Members of our meeting have asked why we hold this vigil in a very white area just south of Johns Hopkins University. Maybe we should consider moving it to another part of the city? Shouldn’t we hold placards for all groups? One 90-year-old African American member asked us to get out of our white enclave and get to know African Americans in the city. Others asked us to reconsider changing the vigil to another theme since we have been holding the Black Lives Matter concern for almost two years. Our vigil is important for both our black and white neighbors. Whites need to be reminded that they are part of a city with many problems and that they can be part of the solution. Blacks need to know that there are whites who see their plight and are willing to join in creating solutions. From this vigil we are branching out to work at other areas—court watch, bail reform in our state, and anti-violence study and program expansion as we seek a faithful grounding for our peacemaking efforts in Baltimore.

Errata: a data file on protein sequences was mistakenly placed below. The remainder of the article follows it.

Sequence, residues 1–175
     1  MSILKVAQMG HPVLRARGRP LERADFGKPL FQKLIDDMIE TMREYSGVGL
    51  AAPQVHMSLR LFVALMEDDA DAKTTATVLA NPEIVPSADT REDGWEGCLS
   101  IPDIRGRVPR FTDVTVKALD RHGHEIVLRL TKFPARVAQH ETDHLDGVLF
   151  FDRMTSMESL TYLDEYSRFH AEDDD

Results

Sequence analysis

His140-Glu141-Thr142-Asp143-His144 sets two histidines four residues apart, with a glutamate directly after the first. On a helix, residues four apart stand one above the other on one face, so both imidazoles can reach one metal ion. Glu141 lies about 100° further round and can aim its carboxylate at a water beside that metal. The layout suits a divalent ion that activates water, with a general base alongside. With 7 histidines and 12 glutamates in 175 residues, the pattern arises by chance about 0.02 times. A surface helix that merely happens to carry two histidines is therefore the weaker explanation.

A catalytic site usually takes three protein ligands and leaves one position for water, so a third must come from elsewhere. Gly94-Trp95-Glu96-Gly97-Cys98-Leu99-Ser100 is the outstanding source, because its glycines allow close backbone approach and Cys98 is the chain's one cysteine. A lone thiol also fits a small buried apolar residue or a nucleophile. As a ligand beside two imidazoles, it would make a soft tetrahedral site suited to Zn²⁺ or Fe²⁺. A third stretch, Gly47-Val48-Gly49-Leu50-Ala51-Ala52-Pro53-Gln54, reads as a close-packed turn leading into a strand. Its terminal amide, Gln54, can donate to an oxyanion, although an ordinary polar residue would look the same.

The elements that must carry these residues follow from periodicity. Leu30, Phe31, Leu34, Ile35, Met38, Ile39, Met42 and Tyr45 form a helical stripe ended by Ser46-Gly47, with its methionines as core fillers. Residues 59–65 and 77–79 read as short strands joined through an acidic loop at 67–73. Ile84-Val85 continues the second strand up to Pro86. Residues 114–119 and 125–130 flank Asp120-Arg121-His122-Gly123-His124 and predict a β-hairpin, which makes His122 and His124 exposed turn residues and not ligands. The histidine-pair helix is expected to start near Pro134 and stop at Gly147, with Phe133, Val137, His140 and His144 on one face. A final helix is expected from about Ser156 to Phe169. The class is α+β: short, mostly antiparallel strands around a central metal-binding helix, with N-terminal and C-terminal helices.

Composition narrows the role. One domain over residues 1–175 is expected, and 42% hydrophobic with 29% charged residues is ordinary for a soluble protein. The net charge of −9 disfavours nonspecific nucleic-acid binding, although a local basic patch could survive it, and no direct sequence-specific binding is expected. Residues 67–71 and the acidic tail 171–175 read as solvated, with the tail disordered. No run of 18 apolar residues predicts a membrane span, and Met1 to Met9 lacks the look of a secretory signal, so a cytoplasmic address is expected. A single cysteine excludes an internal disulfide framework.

The post Friends, Peace, and Justice in Baltimore appeared first on Friends Journal.

Now is not the time to despair

Building peace

It would be easy to become skeptical about the viability and efficacy of nonviolent resistance in the age of Trump. But this would be to ignore a number of incredibly hopeful trends.

The fact is that armed insurrection is becoming less and less common—and less and less effective. The fact is that more people around the world are turning to nonviolent resistance than at any time in recorded human history. We are witness to ongoing people power movements in Hungary, Turkey, Ecuador, Zimbabwe, Venezuela, and the United States. In the past year, people power has led to the peaceful impeachment of presidents in South Korea and Brazil. In the past two years, we’ve seen people power lead to the removal of corrupt governments in Haiti, Romania, and Guatemala. Whether we agree with their causes or not, ordinary civilians are increasingly turning to civil resistance—not armed struggle—as a way to pursue their demands.